Happy new year, etc!

It’s a brand new year, and probably a good time for an update. We’ve been busy over the last few weeks working on our new EP. Which may turn out to be a full-length album, I’m not sure. We’ve finished writing 6 songs and have a good start on recording them. We’re looking at a May release, possibly a little earlier. I’m really excited with how the songs are coming along. Here’s a list of what will be on the album for sure:

Moriah (In The Land of Milk and Honey)
Rumors (working title)
Warning Lights
Timothy Everett (Is Late For Work)
The Garden (new and improved version)

A couple things to be excited about, other than some solid songs coming soon. One is that Rebecca Watkins, an artist based in Provo, UT, will be doing the cover art as a linocut print, printing directly onto blank cardboard Digipak sleeves. So when you buy the album, it will be a real art print rather than inkjet.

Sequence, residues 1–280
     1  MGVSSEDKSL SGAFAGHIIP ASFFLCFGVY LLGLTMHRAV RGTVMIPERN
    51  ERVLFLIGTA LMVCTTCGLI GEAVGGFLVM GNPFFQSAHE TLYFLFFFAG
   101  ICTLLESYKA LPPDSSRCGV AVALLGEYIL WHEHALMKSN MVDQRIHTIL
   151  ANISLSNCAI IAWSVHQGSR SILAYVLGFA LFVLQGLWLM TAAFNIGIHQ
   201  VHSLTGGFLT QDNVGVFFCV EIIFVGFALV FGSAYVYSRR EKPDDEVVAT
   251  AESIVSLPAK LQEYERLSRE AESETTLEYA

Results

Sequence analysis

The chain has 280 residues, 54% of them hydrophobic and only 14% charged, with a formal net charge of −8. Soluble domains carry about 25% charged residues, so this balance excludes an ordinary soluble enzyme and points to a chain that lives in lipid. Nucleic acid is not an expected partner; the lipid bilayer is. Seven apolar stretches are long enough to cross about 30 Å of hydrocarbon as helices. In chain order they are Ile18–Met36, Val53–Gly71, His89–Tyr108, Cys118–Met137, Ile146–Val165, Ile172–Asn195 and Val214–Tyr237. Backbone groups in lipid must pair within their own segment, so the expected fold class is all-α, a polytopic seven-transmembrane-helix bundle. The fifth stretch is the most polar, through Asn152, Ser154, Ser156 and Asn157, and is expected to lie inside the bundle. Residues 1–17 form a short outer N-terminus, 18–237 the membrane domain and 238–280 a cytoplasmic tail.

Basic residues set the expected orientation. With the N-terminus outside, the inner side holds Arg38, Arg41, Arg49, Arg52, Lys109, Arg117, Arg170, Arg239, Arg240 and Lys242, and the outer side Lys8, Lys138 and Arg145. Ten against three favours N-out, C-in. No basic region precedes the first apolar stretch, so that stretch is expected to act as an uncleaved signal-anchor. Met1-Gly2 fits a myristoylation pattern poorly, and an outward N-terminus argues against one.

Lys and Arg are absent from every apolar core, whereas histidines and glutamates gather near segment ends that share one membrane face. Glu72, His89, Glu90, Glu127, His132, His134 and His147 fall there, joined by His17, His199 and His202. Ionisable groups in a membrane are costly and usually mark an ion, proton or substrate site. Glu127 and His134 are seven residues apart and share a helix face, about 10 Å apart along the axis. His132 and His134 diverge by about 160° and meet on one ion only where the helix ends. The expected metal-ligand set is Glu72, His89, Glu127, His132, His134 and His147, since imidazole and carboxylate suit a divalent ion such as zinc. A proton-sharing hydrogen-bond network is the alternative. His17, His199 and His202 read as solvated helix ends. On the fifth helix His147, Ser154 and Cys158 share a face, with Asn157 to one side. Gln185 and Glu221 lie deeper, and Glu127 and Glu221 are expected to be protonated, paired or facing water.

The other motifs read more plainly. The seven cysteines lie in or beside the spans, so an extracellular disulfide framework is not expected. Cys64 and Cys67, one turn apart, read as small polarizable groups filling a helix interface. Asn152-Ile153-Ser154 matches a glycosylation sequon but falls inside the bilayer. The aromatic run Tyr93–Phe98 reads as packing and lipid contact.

Second, I’ve been talking to some directors and it looks like we’ll have a few music videos for you by the time the album comes out. At least one video will feature collage animation. I might try out some rotoscoping as well. I am sure that we will need some extras – message us on Facebook if you’d like to participate!


An Ad Hoc Ecosystem – Album Release!

Mons La Hire’s debut album, An Ad Hoc Ecosystem, is now available for download from Bandcamp.com. We are thrilled with how it turned out and are super excited for you to hear it.

The lyrics were composed from sentence fragments pulled from a long list of books. The list below is intended to be complete; we’ll update it if we notice an omission. I’ll be putting the lyrics up on Bandcamp soon. See if you recognize anything!